Super User is a question and answer site for computer enthusiasts and power users. Join them; it only takes a minute:

Sign up
Here's how it works:
  1. Anybody can ask a question
  2. Anybody can answer
  3. The best answers are voted up and rise to the top

I have an ARM-based embedded machine based on S3C2416 board. According to the specifications I have available there should be a 533 MHz ARM9 (ARM926EJ-S according to /proc/cpuinfo), however the software running on it "feels" slow, compared to the same software on my Android phone with a 528MHz ARM CPU.

/proc/cpuinfo tells me that BogoMIPS is 266.24. I know that I should not trust BogoMIPS regarding performance ("Bogo" = bogus), however I would like to get a measurement on the actual CPU speed. On x86, I could use the rdtsc instruction to get the time stamp counter, wait a second (sleep(1)), read the counter again to get an approximation on the CPU speed, and according to my experience, this value was close enough to the real CPU speed.

How can I find the actual CPU speed of given ARM processor?


I found this simple Pi calculator, which I compiled both for my Android phone and the ARM board. The results are as follows:


# cat /proc/cpuinfo
Processor   : ARM926EJ-S rev 5 (v5l)
BogoMIPS    : 266.24
Features    : swp half fastmult edsp java 
#./pi_arm 10000
Calculation of PI using FFT and AGM, ver. LG1.1.2-MP1.5.2a.memsave
8.50 sec. (real time)


# cat /proc/cpuinfo
Processor   : ARMv6-compatible processor rev 2 (v6l)
BogoMIPS    : 527.56
Features    : swp half thumb fastmult edsp java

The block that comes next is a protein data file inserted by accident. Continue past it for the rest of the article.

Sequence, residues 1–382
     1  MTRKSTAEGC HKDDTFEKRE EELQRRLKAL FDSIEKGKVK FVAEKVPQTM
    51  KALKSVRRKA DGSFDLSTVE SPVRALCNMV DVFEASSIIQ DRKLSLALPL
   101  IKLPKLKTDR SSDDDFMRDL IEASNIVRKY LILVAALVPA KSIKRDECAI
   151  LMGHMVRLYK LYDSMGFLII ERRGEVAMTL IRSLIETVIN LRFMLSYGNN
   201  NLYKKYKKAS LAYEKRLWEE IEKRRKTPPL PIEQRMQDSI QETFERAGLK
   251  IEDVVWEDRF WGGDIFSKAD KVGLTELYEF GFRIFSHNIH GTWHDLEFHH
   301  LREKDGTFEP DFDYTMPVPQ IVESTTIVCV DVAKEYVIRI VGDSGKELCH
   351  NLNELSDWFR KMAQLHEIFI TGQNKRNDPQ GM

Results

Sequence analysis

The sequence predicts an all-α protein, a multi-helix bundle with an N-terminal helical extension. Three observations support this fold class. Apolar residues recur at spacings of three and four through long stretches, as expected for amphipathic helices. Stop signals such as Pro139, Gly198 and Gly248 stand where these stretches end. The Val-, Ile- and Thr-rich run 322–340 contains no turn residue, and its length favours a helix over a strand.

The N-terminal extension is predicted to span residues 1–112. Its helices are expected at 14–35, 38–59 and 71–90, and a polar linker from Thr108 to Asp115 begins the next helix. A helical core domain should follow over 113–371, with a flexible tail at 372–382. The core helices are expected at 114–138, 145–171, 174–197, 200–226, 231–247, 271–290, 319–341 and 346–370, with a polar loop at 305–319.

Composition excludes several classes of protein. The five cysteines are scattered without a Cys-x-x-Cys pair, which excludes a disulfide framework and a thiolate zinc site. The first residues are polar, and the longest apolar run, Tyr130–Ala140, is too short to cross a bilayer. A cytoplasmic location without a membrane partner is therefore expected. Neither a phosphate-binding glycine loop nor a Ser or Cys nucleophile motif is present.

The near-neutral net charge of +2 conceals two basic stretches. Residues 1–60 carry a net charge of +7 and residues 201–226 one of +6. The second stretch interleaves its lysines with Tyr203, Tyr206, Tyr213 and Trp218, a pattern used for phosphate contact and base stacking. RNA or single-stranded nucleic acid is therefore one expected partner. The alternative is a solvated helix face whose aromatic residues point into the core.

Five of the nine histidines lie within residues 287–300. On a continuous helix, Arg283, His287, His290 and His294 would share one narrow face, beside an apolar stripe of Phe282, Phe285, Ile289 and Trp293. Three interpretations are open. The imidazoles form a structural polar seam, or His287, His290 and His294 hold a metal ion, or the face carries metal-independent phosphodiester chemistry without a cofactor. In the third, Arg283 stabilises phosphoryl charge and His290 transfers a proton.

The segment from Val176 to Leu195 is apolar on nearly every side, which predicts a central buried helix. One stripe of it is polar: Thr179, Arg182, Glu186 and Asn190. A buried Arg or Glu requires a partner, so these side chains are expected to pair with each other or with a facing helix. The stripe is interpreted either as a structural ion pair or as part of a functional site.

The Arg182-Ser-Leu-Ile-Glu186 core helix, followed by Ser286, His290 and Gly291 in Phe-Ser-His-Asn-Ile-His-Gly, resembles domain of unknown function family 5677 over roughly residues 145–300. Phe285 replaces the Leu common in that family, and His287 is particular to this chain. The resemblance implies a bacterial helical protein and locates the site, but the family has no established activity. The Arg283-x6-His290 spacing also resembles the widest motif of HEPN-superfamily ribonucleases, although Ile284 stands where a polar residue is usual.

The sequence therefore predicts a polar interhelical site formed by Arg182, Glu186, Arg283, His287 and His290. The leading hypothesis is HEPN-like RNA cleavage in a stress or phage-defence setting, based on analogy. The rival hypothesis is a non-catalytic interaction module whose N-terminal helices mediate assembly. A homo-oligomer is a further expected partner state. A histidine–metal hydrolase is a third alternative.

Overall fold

# ./pi_android 10000
Calculation of PI using FFT and AGM, ver. LG1.1.2-MP1.5.2a.memsave
5.95 sec. (real time)

So it seems that the ARM926EJ-S is slower than my Android phone, but not twice slower as I would expect by the BogoMIPS figures. I am still unsure about the clock speed of the ARM9 CPU.

share|improve this question says 400MHz? – Mar 29 '12 at 12:21
Yes, that's the original, I should have got a newer model with 533MHz CPU, that is why I'm checking if I got what I should have... – MiKy Mar 29 '12 at 12:27
266.24*2=532.48 So it seems like it's dead on. My 480MHz ARM CPU gets 239.2, 439.2*2=478.4. – David Schwartz Mar 29 '12 at 12:38
There are many things that can affect the speed of applications besides CPU speed, such as RAM speed, RAM bus width, and speed of storage/NAND. – LawrenceC Mar 29 '12 at 13:16
I'm familiar with the S3C2416. It's an indeed an ARM9/ARMv4 design, not a "Cortex" ARMv6 or v7 design. The ARM in your Android smartphone probably is a Cortex, e.g. Cortex A5 design. – MSalters Mar 29 '12 at 13:45
up vote 4 down vote accepted

AFAICT the clock of a S3C2416 looks just like that of a S3C2443, or similar processors of its family. The Linux source code for it suggests that there are a number of closely-related clocks.

Choice snippet:

    pll = get_mpll(mpllcon, xtal);
    clk_msysclk.clk.rate = pll;

    fclk = pll / get_fdiv(clkdiv0);
    hclk = s3c2443_prediv_getrate(&clk_prediv);
    hclk /= s3c2443_get_hdiv(clkdiv0);